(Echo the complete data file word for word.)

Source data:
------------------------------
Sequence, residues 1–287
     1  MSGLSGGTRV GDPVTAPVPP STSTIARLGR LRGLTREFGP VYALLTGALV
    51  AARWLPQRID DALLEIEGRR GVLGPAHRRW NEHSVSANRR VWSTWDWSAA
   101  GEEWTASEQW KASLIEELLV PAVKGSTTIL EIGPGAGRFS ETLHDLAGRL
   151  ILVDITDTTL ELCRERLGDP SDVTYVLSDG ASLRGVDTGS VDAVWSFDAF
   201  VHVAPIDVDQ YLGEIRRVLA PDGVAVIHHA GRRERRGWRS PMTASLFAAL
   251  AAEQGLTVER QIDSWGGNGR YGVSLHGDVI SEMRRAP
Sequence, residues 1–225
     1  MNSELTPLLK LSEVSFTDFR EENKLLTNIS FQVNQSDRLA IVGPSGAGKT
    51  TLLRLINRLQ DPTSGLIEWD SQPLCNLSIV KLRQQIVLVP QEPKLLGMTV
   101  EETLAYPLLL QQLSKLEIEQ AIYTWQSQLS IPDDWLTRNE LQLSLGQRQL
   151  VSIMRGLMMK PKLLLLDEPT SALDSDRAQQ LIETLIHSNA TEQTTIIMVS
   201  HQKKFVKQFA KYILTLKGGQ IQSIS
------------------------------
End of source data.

Sequence, residues 1–287
     1  MSGLSGGTRV GDPVTAPVPP STSTIARLGR LRGLTREFGP VYALLTGALV
    51  AARWLPQRID DALLEIEGRR GVLGPAHRRW NEHSVSANRR VWSTWDWSAA
   101  GEEWTASEQW KASLIEELLV PAVKGSTTIL EIGPGAGRFS ETLHDLAGRL
   151  ILVDITDTTL ELCRERLGDP SDVTYVLSDG ASLRGVDTGS VDAVWSFDAF
   201  VHVAPIDVDQ YLGEIRRVLA PDGVAVIHHA GRRERRGWRS PMTASLFAAL
   251  AAEQGLTVER QIDSWGGNGR YGVSLHGDVI SEMRRAP
Sequence, residues 1–225
     1  MNSELTPLLK LSEVSFTDFR EENKLLTNIS FQVNQSDRLA IVGPSGAGKT
    51  TLLRLINRLQ DPTSGLIEWD SQPLCNLSIV KLRQQIVLVP QEPKLLGMTV
   101  EETLAYPLLL QQLSKLEIEQ AIYTWQSQLS IPDDWLTRNE LQLSLGQRQL
   151  VSIMRGLMMK PKLLLLDEPT SALDSDRAQQ LIETLIHSNA TEQTTIIMVS
   201  HQKKFVKQFA KYILTLKGGQ IQSIS